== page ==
Instead, imagine approaching a conventional specialist who works with the same population as you. You are seeing the same patient as her, have similar knowledge about the research, tools, solutions, and patient needs. You speak the same language. Now the conversation is less about convincing the potential partner about how functional medicine can help everyone with everything and more about how your therapies in combination with hers can improve the specific outcomes you both want for a specific target patient.
Bottom line: The more finely-tuned your niche, the more likely you’ll be to track down the appropriate partner(s). And the more compelling your dialog will be when you have your initial conversation with them, too.
3. What value do you bring to the table? One of the biggest mistakes you can make when seeking out partners is assuming that you are the best (nutritionist, ND, health coach, LAc, etc.) they’ve met. Look, I know you’re great and you know you’re great. But from their perspective, the question they’re going to ask is “why you and not someone else?”
A past client of mine complained about this to me several months ago when he was seeking a nutritionist for his functional medicine clinic. He said that every nutritionist and health coach who came to his door wanted to have an assigned office in his clinic and basically “sit around waiting for him to pass along clients to them.”
Would you want to bring on someone into your business like this? Nope, neither did he.
No matter how good you are at your clinical skill, the big difference between those who get partnerships and those who don’t has to do with “added value.” What other skills, talents, attributes do you bring to the table? For the most part, a partner will favor practitioners who will help grow their practice. Here’s what you might offer:
- Bring along your existing clients into the partner’s practice
- Offer help with social media marketing, blogging, or website management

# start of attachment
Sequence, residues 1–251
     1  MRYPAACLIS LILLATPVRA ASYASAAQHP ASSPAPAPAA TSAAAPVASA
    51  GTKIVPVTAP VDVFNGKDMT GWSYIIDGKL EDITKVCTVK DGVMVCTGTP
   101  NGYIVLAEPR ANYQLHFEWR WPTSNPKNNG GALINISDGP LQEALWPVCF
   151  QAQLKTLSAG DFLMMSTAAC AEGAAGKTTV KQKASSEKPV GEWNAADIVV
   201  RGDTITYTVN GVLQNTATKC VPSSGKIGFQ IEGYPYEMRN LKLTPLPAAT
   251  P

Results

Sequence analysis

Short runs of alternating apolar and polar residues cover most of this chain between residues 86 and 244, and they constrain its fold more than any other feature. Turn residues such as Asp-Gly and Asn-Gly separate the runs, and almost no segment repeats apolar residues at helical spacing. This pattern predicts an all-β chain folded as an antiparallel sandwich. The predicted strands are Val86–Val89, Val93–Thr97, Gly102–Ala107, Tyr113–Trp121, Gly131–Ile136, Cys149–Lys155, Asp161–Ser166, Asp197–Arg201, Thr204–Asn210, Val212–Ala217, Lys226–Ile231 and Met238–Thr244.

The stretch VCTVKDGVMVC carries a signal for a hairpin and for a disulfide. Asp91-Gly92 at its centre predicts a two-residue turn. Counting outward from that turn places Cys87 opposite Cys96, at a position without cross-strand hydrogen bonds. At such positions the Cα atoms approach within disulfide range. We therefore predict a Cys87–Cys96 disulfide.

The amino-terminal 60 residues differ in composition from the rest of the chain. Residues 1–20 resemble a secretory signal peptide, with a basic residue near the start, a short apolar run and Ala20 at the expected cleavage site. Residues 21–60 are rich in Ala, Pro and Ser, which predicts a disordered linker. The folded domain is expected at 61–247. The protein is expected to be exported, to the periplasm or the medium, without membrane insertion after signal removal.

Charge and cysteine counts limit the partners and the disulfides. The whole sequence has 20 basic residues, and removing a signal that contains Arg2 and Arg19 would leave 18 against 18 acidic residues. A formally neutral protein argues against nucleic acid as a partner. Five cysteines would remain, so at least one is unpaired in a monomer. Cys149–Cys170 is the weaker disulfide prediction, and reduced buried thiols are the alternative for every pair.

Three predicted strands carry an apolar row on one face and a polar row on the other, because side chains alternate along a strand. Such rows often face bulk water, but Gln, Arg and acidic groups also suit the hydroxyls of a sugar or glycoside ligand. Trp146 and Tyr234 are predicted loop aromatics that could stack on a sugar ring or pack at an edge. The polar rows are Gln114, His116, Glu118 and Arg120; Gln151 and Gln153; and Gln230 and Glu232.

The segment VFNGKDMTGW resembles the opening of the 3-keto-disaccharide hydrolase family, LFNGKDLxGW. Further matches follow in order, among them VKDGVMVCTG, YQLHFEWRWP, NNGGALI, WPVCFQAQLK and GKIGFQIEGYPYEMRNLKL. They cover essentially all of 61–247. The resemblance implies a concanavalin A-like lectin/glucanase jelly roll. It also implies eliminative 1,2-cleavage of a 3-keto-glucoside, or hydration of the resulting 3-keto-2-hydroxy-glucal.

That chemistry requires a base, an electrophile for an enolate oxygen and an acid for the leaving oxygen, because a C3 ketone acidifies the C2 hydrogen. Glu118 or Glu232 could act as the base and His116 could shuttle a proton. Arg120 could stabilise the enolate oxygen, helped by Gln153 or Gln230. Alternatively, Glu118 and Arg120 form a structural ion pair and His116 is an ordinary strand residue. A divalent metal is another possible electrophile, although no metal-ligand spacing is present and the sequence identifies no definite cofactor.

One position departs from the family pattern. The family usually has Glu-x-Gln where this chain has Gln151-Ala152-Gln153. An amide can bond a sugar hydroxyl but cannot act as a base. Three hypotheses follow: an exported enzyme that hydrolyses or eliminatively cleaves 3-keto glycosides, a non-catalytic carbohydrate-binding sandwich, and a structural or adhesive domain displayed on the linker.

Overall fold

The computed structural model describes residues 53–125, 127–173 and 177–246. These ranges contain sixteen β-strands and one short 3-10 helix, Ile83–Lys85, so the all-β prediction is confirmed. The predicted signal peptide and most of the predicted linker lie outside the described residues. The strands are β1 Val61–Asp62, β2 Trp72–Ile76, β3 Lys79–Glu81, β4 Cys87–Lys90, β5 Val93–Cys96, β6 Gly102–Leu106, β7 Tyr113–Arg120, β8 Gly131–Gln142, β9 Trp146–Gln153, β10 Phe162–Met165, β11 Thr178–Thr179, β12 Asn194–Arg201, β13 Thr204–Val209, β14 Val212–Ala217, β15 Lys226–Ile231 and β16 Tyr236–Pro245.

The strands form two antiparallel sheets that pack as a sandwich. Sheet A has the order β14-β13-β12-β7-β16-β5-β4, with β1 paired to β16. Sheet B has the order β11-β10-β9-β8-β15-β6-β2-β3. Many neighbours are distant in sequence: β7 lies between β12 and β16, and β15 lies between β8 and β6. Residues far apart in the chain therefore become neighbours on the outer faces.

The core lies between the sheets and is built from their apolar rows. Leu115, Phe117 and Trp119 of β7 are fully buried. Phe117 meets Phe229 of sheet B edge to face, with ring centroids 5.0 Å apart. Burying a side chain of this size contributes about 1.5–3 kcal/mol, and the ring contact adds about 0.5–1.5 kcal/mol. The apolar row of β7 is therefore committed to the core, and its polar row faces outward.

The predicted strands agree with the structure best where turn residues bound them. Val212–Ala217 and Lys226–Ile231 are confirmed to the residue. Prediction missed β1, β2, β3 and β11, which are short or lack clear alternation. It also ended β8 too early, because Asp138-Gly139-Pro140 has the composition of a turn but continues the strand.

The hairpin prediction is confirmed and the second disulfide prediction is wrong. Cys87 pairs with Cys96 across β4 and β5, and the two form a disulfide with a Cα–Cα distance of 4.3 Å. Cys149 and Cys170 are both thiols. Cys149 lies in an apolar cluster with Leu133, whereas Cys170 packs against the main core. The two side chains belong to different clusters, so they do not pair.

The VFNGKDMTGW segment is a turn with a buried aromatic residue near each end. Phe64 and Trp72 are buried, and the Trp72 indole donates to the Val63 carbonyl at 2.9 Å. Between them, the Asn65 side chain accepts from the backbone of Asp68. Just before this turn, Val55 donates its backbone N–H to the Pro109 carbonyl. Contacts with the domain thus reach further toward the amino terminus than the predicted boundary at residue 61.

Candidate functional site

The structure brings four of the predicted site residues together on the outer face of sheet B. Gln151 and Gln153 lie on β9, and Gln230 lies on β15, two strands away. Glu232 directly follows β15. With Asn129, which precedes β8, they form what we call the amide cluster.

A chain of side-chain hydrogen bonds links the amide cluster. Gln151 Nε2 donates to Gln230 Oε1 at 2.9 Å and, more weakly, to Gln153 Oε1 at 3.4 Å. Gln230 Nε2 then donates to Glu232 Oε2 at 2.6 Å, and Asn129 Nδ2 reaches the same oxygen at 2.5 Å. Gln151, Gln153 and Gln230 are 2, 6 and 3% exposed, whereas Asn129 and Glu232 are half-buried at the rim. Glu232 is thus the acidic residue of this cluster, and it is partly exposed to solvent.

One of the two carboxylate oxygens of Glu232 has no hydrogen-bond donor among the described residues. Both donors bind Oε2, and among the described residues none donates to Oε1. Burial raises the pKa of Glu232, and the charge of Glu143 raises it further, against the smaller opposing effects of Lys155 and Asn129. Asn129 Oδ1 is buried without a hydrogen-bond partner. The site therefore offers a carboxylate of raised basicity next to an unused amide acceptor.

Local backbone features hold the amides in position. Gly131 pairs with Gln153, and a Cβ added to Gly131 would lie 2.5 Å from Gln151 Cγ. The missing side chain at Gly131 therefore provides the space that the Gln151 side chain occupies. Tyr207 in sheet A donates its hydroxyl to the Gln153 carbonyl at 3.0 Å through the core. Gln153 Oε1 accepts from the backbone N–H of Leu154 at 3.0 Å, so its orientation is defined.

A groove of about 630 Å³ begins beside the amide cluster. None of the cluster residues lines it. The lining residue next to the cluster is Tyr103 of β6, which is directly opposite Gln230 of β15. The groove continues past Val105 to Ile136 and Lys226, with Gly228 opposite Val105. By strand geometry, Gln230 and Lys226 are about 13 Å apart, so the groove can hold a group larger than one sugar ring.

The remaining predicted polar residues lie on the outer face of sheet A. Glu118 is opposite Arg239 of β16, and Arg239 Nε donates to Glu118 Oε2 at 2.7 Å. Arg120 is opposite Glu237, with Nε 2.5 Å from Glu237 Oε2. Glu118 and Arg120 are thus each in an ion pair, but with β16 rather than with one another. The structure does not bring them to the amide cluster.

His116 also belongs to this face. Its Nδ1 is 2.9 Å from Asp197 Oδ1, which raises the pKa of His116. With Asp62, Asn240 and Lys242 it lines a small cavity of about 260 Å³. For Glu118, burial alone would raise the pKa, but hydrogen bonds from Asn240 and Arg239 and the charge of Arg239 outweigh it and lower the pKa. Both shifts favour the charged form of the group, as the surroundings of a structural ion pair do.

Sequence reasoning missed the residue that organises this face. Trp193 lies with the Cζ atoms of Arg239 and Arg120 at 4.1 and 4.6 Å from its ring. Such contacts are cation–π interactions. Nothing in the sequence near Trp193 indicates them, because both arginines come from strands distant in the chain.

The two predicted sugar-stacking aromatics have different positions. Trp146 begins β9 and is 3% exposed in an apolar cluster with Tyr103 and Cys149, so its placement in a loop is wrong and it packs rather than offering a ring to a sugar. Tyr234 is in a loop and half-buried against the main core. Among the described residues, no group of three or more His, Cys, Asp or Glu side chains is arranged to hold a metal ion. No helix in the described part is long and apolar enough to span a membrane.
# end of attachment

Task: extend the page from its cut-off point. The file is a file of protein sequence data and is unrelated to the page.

- Demonstrate an interest and experience in public speaking
- Include their clinic in your existing networking efforts
- Show a willingness to help with practice management
Figure out where you might be able to lend a hand in generating revenue or lowering costs and make this an important play with your potential partner. It will edge out others who may be competing for the same spot as you…and will communicate that you are delighted and determined to contribute to the clinic’s overall success.
4. Sweat the big stuff. There are many horror stories where the fine details were never worked out and partnerships ended in pain and misfortune. It’s easy to be fooled. We work in an industry where the underlying principle is “First Do No Harm.” But while that may be true when it comes to your therapy, unfortunately, it’s not the case when it comes to business arrangements. I know. I’ve been there…and it hurts like hell.
There are numerous things to work through with a potential partner. These include:
- Your status: are you an employee or contractor? Partner or co-owner?
- What will be your pay rate? When and how often will you be paid?
- What is the duration of the engagement: how long will you work for the partner and what are the termination arrangements?
- Do you share in profits? Are there bonuses offered?
- Who owns the intellectual property that you develop under this arrangement (think of eBooks, clinical programs, blog posts, online programs, etc.)?
- Who is responsible for bringing in new clients for your services?
- Are you responsible for any costs: rent, supplies, marketing, etc.?
- What liability insurance must you take on?
- Does the role that you are offered seem fair, given the financial return?
- Does ANYTHING at all feel uncomfortable, unclear, or out of line?
Everything that is discussed should be formalized in writing and reviewed by your attorney, especially if the arrangement is complex. If it’s a straight referral arrangement and no money is changing hands, then it’s not a big deal. But most everything else should get a once-over by legal counsel. If your potential partner says, “We don’t need a contract. I trust you.”, let them know that this is simply the way you do things – it’s not negotiable.
There is one specific scenario that I would strongly recommend you avoid: one that pays a straight profit-sharing arrangement. Unless you have complete oversight and equal say in how income is going to be used in the business, you stand to lose money.
Can you trust the partner to make good financial decisions in the business? Are they using business monies for personal things like their wardrobe, car or other non-business items? All of these things impact profit and without a say in all financial decisions, you are at the mercy of the partner’s whims.
If your partner won’t allow you access to any of these two things and insists on a straight profit-sharing model, it’s a bad deal. Walk away and don’t look back.